The program was developed by NetAlert Limited, Australia’s Internet safety advisory body. NetAlert was established by the Australian Government in 1999 to provide independent advice and education on Internet safety, and to manage access to online content.
As a precursor to developing curriculum materials, NetAlert commissioned an audit of Internet safety content in current curriculum frameworks, syllabuses and policies within Australian school systems. The results highlighted significant gaps and inconsistencies in the teaching of Internet safety, which is yet to be formally included in State and Territory school curriculum frameworks. In the 2004 NetAlert Education Plan, the Australian Government and educational departments unanimously agreed on the importance of Internet safety skills in the curriculum.
Delivery of the program to Australian schools is occurring in three phases, over three years. Phase 1 of the program was launched in June 2004. CyberQuoll is the Phase 2 primary resource. The first in a series of online interactive activities will be progressively released from 4 April, 2005.
Educational materials for all three phases are designed to be cross-curricular. The materials are integrated to promote wide use of the resources by teachers across a range of subject areas.
These resources were delivered to every school (primary and secondary) in Australia, and are available from the CyberSafe Schools website.
Phase 2 – CyberQuoll and the primary classroom
Phase 2 of the CyberSafe Schools program is called CyberQuoll. Under CyberQuoll Internet safety curriculum materials will be sent to every Australian school with primary school students. Delivery is occurring incrementally over the first half of 2005.
NetAlert is very excited about CyberQuoll, as it will provide teachers with multifaceted educational strategies, expertly designed for primary school students. The resources will include an interactive CD-ROM presenting student activities, as well as offline teacher support materials.
The CD-ROM will specifically include an engaging interactive feature, in which a range of Internet safety issues are examined through multi-scenario animations and pedagogically relevant games. The resources will also be accessible from the Internet, and the supporting materials available for download. Parents and children will have the opportunity to view the materials on their home computer, providing an extra learning dimension to the resources.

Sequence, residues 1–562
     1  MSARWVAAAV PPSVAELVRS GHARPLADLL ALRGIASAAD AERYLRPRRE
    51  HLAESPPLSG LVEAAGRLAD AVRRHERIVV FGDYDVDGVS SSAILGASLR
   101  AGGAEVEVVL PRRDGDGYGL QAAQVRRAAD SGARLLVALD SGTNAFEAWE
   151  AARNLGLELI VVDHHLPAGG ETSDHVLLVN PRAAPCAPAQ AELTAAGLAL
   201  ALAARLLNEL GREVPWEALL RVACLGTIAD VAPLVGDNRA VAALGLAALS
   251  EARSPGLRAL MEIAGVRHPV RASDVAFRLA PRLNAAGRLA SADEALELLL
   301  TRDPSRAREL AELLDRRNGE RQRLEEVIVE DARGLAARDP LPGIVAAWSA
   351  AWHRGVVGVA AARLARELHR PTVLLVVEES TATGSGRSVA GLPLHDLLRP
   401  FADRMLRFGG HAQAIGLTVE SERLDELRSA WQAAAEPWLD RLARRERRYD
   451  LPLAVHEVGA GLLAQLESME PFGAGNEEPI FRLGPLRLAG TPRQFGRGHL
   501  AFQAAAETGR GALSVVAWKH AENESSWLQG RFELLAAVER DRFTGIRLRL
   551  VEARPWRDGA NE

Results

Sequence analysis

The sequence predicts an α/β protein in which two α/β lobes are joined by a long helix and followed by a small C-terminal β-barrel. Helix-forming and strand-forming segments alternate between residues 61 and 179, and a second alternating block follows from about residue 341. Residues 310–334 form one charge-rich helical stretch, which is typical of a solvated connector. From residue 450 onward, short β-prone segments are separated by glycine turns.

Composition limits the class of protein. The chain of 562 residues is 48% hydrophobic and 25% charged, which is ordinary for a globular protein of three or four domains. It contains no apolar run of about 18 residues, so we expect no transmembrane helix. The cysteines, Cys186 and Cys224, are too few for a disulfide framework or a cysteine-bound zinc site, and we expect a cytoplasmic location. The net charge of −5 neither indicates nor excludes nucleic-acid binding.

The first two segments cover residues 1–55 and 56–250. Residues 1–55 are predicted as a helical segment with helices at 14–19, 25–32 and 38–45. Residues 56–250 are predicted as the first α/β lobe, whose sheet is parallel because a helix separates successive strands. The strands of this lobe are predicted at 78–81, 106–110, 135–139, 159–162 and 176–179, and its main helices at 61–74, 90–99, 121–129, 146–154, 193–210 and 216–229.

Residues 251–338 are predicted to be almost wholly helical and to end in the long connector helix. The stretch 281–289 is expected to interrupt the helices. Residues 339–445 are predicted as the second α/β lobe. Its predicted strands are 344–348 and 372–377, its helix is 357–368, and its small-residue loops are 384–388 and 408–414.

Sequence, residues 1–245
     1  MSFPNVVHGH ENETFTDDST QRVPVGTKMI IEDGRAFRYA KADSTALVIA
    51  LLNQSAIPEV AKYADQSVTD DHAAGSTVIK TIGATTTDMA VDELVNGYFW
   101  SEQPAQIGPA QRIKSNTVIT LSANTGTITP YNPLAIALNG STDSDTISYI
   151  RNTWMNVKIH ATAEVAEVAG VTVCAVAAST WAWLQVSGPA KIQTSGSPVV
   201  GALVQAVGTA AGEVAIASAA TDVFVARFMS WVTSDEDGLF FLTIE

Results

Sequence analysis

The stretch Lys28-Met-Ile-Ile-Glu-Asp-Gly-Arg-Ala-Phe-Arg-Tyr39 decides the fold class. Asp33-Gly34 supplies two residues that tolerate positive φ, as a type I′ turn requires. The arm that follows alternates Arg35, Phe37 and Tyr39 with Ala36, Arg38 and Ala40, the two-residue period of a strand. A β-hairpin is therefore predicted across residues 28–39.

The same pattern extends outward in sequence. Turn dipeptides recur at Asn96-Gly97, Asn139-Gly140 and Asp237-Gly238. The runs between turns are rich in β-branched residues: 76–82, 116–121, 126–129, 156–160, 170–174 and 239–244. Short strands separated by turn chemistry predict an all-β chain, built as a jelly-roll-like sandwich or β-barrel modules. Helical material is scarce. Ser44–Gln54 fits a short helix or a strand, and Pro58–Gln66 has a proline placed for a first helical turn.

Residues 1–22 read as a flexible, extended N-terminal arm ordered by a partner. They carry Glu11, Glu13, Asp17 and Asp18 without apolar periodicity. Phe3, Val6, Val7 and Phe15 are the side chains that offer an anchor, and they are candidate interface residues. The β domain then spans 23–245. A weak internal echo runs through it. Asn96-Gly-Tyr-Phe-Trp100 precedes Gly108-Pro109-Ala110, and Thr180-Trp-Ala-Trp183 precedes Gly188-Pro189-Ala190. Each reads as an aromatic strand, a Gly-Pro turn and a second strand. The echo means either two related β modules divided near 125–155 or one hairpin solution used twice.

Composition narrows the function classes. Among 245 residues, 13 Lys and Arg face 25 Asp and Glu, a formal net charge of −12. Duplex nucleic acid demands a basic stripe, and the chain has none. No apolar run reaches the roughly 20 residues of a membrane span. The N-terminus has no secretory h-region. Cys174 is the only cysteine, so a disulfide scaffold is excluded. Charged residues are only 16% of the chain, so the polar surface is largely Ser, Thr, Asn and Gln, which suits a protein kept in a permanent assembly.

CyberQuoll will deliver a number of stand alone learning modules, which have been identified using an analysis of major global research on current Internet safety issues facing primary school aged children. Each new learning module will focus on a critical online safety issue relevant to primary students.
The flexible computer-based program allows teachers either to use all of the learning modules in their class, or to use individual environments as fully independent learning programs.
As with CyberSafe Schools Phase 1, NetAlert have enlisted the services of the Curriculum Corporation. Curriculum Corporation is an independent developer, which has expertise in the management, production, and distribution of educational multimedia resources and associated teaching materials and student activities.
For CyberQuoll, NetAlert have also chosen the innovative production house Nectarine, which has over a decade’s experience in creating highly engaging educational projects.
The use of information communication technologies (ICT) is still growing exponentially, and it is anticipated that the Internet will continue to play a central role in people’s lives. By 2006, secondary students will face new online safety challenges, and any Internet safety education will need to reflect the contemporary challenges of the day. With this in mind, NetAlert is committed to delivering a progressive online safety package that will not only match the target audience’s ever increasing computer savvy, but also provide up-to-the-minute online safety resources.
As these new resources are developed, they will be delivered free to Australian schools, and will also be made available from the CyberSafe Schools website.
To support the program NetAlert has developed a CyberSafe Newsletter to keep you updated and informed about CyberSafe Schools project developments.
We encourage you and your colleagues to subscribe and take advantage of the many free educational resources we will promote in the months to come. We welcome contributions and are keen to hear your thoughts and suggestions on Internet safety.
In the curriculum
Ensuring the integration of Internet safety into school curriculum frameworks is a worthy social investment in the future of Australia’s youth. Teaching about Internet safety within the context of various teaching programs is essential if students are to make full and informed use of the Internet as a safe and rich source for learning.
CyberSafe Schools represents an important contribution to the broader goal of Australian education to produce students who are confident and creative in the use of information communication technologies. We encourage all teaching staff to take advantage of its free resources.
Australian Government Department of Education, Science and Training; State and Territory Education Departments; the National Catholic Education Commission; and the Independent Schools Council of Australia, Curriculum Corporation, NetAlert Education Plan, February 2004.
Information and Communications Technology (ICT)
Computers in society